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Is EDA getting its fair share in IC market?

Posted: 30 Jul 2009 ?? ?Print Version ?Bookmark and Share

Keywords:semiconductor? EDA? processor?

Top execs reignited the debate of the age-old question of whether EDA gets its fair share of semiconductor ecosystem revenue at the Design Automation Conference, with at least one suggesting that the current recession may be the catalyst for a favorable change.

EDA revenue has consistently been about 2 percent of semiconductor industry revenue throughout much of the industry's history. But many believe it should be higher. Price wars and other factors have combined to leave EDA shortchanged, they argue.

Aart de Geus, chairman and CEO of Synopsys Inc., said that only economic pressuresuch as that being exerted by the current recessioncan change the status quo. If EDA tools can help alleviate chipmakers' economic pain by enabling more efficient design, they may be able to command a higher percentage of revenue, he said.

The "economic downturn right now is our best opportunity to shake things up," de Geus said in a discussion of EDA's potential for helping bring about changes in energy consumption and the development of alternative energies.

But de Geus also suggested that the question of whether EDA was being fairly compensated was pointless. "There is no industry in the world that doesn't feel that they don't get their fair share," he said.

Walden Rhines, chairman and CEO of Mentor Graphics Corp., said he doesn't see EDA commanding a higher portion of semiconductor industry revenue anytime soon. "The easier way is to grow semiconductor revenue and get more that way," he said.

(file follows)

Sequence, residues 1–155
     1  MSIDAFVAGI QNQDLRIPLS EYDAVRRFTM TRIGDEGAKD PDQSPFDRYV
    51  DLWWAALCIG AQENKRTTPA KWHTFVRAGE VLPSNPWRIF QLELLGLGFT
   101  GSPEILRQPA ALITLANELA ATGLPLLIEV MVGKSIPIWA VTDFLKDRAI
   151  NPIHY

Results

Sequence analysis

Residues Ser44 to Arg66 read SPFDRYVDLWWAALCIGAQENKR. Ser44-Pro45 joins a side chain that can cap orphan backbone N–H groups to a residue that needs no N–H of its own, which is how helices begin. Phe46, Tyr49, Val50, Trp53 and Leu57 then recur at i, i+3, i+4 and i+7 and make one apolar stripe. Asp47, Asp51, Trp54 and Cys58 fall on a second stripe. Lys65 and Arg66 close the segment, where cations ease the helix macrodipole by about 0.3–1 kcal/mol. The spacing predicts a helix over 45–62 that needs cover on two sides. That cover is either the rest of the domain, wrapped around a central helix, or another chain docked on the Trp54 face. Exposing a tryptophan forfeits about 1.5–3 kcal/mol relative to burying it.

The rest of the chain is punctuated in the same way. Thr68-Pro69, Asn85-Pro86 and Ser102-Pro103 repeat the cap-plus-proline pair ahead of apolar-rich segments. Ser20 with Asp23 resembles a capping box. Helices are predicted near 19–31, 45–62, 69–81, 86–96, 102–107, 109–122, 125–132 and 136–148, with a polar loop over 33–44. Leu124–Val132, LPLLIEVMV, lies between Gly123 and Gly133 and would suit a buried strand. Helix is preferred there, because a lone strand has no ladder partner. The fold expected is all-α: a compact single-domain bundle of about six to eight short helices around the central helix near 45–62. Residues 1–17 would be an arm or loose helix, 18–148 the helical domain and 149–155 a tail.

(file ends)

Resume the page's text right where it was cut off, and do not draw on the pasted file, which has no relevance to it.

Rhines also said EDA could derive greater revenue from adjacent industries, including the military/aerospace and automotive industries. "These industries are really in their infancy in terms of using automation," he said.

Depleting VC investment
The CEO panel also touched on the shrinking amount of venture capital being invested in the chip industry and the implications for EDA. As reported, venture capital firms have largely retreated from the semiconductor industry, saying the cost of bringing a new processor or SoC to market is becoming prohibitive.

A fabless chip startup now requires an average of $75 million to $100 million in venture capital to get a product to market, according to Lip-Bu Tan, president and CEO of Cadence Design Systems Inc. But the average amount paid to acquire a chip startup is only $55 million to $60 million, he said.

"You just don't make money," said Tan, who is also chairman of VC firm Walden International.

Rhines agreed that venture capital investment in the semiconductor industry may never return to the level of the late 1990sduring the time of the dot com boomwhen VCs poured money into chip startups, helping EDA enjoy a period of growth. But he said that the actual level of VC-funded startups has not dropped all that dramatically.

"I think we should not give up so quickly on the startups," de Geus said. Startups have a "clean slate," he said, and are not working with legacy tools or methodologies. As a result, they have an opportunity to invest in efficient design methodologies from the get go, he said.

Rhines noted that while VC-funded fables startup activity is on the decline, a number of companies have transitioned to fables or fab-lite models. An increasing number of companies that rely on design for differentiation bodes well for EDA, he said.

De Geus said he was concerned about the spirit of entrepreneurism across all high-tech industries. Startups in EDA and elsewhere seem to be focused on building something that offers customers an incremental advantage, hoping to entice a buyout offer from a larger firm.

Too many young entrepreneurs are asking how they can build an exit strategy right from the beginning, de Geus said.

But, during downturns, the first things to be hurt are solutions that provide only incremental improvement. "People want the increments, but they don't want to pay for it," de Geus said.

Instead, startups should be focused on creating bigger innovations, not thinking just about how they can be acquired, de Geus suggested.

"You have to think about something that will have a bigger impact than an incremental solution," de Geus said.

- Dylan McGrath
EE Times





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